The Federal Energy Regulatory Commission has ordered natural gas producers in Kansas to refund to customers approximately $500 million for erroneously adding the state's ad valorem tax onto interstate rates.
In its Sept. 10 ruling, the FERC said such taxes are not eligible for rate recovery under the Natural Gas Policy Act of 1978 and, following court directive, ordered the customer refund. (See, Docket Nos. rp97-369-000 et al.).
The refund covers gas produced from October 1983, when the petition challenging the add-on tax originally was filed at the FERC, until June 1988. In 1988, the D.C. Circuit Court had ruled the tax was not eligible for recovery and ordered it removed from interstate rates. (See, Colorado Interstate Gas Co. v. FERC, 850 f.2d 769 [D.C.Cir. 1988.])
Amoco Production Co., Anadarko Petroleum Corp., Mobil Oil Corp., OXY USA Inc., Union Pacific Resources Co., and other smaller producers were ordered to issue refunds to pipelines within 180 days.
The pipelines will pass those refunds along to customers who paid the unlawful rates. The FERC will attempt to alleviate the cost burden on the companies by allowing limited waiver of principal upon a showing of hardship. It also will entertain requests to spread the payments over five years.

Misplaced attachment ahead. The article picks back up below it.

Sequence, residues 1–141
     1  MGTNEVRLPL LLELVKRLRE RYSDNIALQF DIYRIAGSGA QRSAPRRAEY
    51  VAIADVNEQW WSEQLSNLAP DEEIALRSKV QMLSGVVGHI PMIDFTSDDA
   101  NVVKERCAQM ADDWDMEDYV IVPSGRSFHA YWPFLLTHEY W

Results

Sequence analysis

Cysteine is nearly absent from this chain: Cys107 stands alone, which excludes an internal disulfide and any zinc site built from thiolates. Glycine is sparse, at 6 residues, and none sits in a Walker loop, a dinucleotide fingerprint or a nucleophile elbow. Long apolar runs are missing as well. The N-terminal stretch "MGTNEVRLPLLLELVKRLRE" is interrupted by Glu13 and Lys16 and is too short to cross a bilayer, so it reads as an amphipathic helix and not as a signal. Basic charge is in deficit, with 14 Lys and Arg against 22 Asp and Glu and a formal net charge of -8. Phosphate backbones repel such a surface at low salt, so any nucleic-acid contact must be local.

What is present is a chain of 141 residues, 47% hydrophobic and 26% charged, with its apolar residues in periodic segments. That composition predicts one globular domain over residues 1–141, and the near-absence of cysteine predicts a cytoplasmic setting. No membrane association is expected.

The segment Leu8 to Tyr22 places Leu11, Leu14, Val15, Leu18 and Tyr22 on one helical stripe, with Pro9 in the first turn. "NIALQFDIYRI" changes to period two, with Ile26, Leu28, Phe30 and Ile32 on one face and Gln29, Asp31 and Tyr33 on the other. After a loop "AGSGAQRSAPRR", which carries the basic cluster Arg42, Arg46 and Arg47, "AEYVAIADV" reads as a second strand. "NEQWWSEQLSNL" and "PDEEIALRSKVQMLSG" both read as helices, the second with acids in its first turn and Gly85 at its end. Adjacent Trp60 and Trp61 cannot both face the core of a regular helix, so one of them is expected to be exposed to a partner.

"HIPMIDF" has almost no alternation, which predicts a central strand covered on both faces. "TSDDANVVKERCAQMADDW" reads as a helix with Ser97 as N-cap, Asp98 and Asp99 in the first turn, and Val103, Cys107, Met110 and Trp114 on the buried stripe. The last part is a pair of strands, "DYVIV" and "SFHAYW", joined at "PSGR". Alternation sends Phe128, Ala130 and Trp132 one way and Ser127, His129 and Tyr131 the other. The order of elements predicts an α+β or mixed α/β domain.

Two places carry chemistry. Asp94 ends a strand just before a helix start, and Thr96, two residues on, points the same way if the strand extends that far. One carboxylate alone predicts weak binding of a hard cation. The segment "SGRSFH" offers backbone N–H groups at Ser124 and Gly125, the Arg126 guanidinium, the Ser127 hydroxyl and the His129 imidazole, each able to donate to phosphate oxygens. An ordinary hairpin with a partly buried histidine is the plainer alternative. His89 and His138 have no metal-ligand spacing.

The producers had asked the FERC for a generic waiver of interest payments. But FERC replied that it had exhausted available mitigation measures and noted that it was "not writing upon a clean slate."
Chair James Hoecker emphasized the binding nature of the court's ruling: "Our hands are tied," he said.
Nevertheless, the FERC acknowledged that the order may cause difficulties to some producers, and encouraged them to work with their customers. The FERC promised it would be sympathetic to any arrangements.
In 1974, the FERC's predecessor, the Federal Power Commission, had allowed producers to increase the rate set under the Natural Gas Act to recover "production, severance, or similar taxes." Kansas had imposed an ad valorem tax on producers, which the FPC said qualified as a recoverable tax. t
Lori A. Burkhart is an associate legal editor with Public Utilities Fortnightly.
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